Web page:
Sean listened to the echoes of the knocker, forcibly preventing himself from turning away. He would say what he had to say, then go. He was filled with uncertainty. He knew that Will loved him, knew it bone-deep, as an absolute truth. But what if Will loved Emma as much? He had to know.
He knocked again. From within, dimmed by passage through solid Victorian masonry, he could hear the same two songs, being played over and over. Otherwise there was silence. Even the noise of the street traffic was muted. He was filled with a sudden misgiving, with the certainty that something was wrong. Unable to shake off his concern, yet also doubting that it was justified, he knocked again, louder. He noticed a button for a bell, set onto the door jamb. He pressed his finger against it, and left it there. Still no response. Why was the music playing? Just two songs, again and again?
Suddenly doubt hardened into conviction. Something was wrong. He stepped back from the door, and looked up and down the street. There must be an alley at the back. Running, panic in his mind, his heart bumping like a lorry on a country road, he reached the end of the side street, and ran up the main road. The alleyway was where it should be, with wheelie-bins; creepers cascading over the corrugated iron fences, winter jasmine blossoms chrome yellow against Windsor green; the spikes of daffodils and iris next to the fences bright against the cobbles, buds swollen in anticipation of spring.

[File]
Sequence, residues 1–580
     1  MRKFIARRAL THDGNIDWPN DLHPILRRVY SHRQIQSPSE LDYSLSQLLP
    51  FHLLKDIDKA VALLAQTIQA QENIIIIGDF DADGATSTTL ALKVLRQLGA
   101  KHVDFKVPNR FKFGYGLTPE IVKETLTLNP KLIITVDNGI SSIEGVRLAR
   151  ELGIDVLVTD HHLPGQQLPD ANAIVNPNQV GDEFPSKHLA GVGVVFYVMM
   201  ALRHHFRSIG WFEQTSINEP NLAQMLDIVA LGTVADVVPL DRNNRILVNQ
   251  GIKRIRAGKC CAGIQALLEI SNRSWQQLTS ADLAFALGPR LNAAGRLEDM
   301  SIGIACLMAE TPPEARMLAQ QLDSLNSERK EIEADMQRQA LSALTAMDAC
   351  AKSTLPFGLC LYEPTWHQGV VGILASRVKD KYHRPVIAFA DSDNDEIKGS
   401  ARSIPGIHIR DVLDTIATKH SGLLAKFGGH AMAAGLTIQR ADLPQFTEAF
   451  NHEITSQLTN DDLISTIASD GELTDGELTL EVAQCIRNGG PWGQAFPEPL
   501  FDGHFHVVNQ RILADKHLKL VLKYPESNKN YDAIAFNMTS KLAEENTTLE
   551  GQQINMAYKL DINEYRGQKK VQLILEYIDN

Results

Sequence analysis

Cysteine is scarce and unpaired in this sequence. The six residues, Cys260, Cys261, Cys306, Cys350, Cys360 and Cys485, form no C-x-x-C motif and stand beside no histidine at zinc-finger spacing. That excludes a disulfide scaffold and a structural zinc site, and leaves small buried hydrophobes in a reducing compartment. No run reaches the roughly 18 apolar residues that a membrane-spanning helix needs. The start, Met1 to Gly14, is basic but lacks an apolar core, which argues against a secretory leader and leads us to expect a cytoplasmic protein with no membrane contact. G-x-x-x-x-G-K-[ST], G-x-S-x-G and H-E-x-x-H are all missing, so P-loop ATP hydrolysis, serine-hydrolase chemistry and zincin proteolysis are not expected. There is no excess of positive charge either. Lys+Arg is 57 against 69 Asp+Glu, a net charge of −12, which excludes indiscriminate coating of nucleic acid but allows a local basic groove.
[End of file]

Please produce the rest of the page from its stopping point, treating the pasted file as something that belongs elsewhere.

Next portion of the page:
He stopped, panting, and tried to work out which house was Will’s. He strove to regain his breath, to remember how many houses up from the corner the house was. He thought it was the seventh. He stood for a minute to see if he could hear the music. His heart was still so noisy that it seemed impossible that he would. Then with a shock of recognition, he saw a transparent mobile that hung in the window of Will’s bedroom. Will and Emma’s.The thought was a knife into his heart. For a moment he stopped, leaned against the rough corrugations of the fence, despair and loss making him weak. What on earth was he doing here? Will belonged to Emma. He, Sean MacDonald, didn’t count, any more than he ever had. He was just a nobody. A nothing. Will and Emma would stay together. Will would go on picking up blokes in gay bars. He might even fall in love with one of them. Sean turned round and leant his head against the fence. Flakes of paint prickled his forehead. Give up, he thought. Give up. It’s all over.You can read it here.